Ken: So what would you look like if you're expressing your true self Todd?
Todd: You wouldn't believe this, Ken, but in high school. So [00:23:30] I did have the hockey hair, so kind of a little short at front and long in the back.
Todd: Somewhat of a mullet, I would say, yeah. And I always remember it's funny, my stepdad would be, "You need to cut your hair and all these." And I said, "No, I like it long." But I guess looking back, he was probably right just because I look ridiculous with long hair. So that was me with the hockey kind of mullet.
Ken: Hockey mullet.
Kristan: I like that. And mullets are back, man. They're back right now.
Ken: [00:24:00] I actually might bring it back, let's see.
Kristan: We've been cutting forming to mullets.
Ken: There's a difference between back and back in style.
Ken: Some things were never in style, but they were there.
Todd: All right. Although I do have an appointment tomorrow, so maybe I should cancel that and just.
Brittney: Just cut in sides.
Ken: Yeah, just trim it up on the sides. So it'd be scary.
Brittney: Take off the side, burns off the back row.
Todd: Mm-hmm (affirmative), yeah.
Ken: No, that's a bad look altogether. So [00:24:30] in your shop, last time I was... I keep saying last time, yesterday, but similar. I like to be truthful, a month ago I was in your shop.
Ken: And you have a box collecting shoes. So it appears you're helping your community by various continue to different things.
Ken: What are they, what are a couple and then how do you choose?
Kristan: I'll let Brittney kind of take this one because we do so much. Pretty much anyone who reaches out to me, I try to give [00:25:00] them something. And that's when I take the email and I just forward it to Brittney, give them something. That's how I roll. But no, we love helping people so we do what we can. So, Brittney, what all we've been doing lately? There's been so many, I don't even know.
Brittney: So like most things, everything we don't write to usually has a story of how they're connected to us or our staff. The shoe box, the shoe drive, you've mentioned is from the Michigan Foster Closet of Livingston County, we did a fundraiser [00:25:30] for them in 2019. Every year we do our holiday basket raffle and then we give the proceeds to whatever we choose. Usually the staff comes together and thinks of something to give it to. That year, one of our staff was fostering to adopt and she mentioned how much that particular organization personally was helping her. And so we started with them and then when they did the shoe drive this year, because of our contribution previously, [00:26:00] they asked us if we'd be willing to be a drop-off site for their shoe drive. And yeah, so we had that going on and I have to say our girls and our clients killed it. I think they had to come empty that box five or six times.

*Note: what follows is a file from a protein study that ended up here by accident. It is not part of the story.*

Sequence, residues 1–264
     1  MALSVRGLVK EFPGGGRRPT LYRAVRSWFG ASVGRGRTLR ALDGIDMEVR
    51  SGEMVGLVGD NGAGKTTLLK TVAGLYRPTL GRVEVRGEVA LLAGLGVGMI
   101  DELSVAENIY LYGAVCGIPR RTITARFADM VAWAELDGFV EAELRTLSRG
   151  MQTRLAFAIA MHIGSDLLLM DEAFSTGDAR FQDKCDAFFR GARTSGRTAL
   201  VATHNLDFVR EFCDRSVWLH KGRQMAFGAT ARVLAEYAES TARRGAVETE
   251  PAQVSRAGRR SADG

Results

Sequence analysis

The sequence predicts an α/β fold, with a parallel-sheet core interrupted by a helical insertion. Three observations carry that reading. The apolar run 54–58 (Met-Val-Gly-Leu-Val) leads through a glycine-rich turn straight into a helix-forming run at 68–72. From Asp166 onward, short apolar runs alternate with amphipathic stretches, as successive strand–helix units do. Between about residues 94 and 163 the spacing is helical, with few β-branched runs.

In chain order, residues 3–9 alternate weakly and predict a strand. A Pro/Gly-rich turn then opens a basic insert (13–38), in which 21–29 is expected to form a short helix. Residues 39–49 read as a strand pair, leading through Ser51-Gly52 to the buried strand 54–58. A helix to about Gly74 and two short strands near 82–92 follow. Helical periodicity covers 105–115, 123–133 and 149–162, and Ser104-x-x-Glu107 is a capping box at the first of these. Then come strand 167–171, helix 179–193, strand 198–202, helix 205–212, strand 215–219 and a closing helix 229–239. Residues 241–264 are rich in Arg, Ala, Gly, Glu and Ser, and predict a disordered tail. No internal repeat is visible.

Kristan: A week.
Kristan: They were emptying it almost felt like every day, it was crazy.
Brittney: Yeah, I felt like every time I came in, I was like, "Oh, should we call her and tell her to come and pick this up because it's overflowing again." So yeah, that's been our most recent thing. And then we also have people reaching out to us. So we just did one for [00:26:30] Michigan Blood Cancer Foundation. They did a walk at the Detroit Zoo. We put together...
Kristan: You put together the best basket, it was so cool.
Brittney: We put together a basket and bunch of gift cards. Because of the way our salon is, each of the girls are technically their own business, so usually I'll reach out to them, ask them what they want to do. And usually it's an overwhelming response. And so I put together all of that and give that to them for their silent auction [00:27:00] and then we recently just did another one for Michigan Humane. That was the most recent one.
But then, I mean, our girls are always giving to Brighton schools and little league teams and everything like that. And it's just great to give back to our immediate society, music community. I think that was the greatest thing with the Foster Closet of Livingston County for many of our clients and stuff. They could be kids [00:27:30] in your own child's class that you don't know what they're going through. And I feel as a mom, myself, if you knew that someone was in need, you would want to give back so this is a way that you can do that and be there. So yeah, it's been great. Like I said, if someone asks for help, we're always there in some way.
Kristan: Yeah. And if we can't donate money, we'll donate services, like whatever we can donate.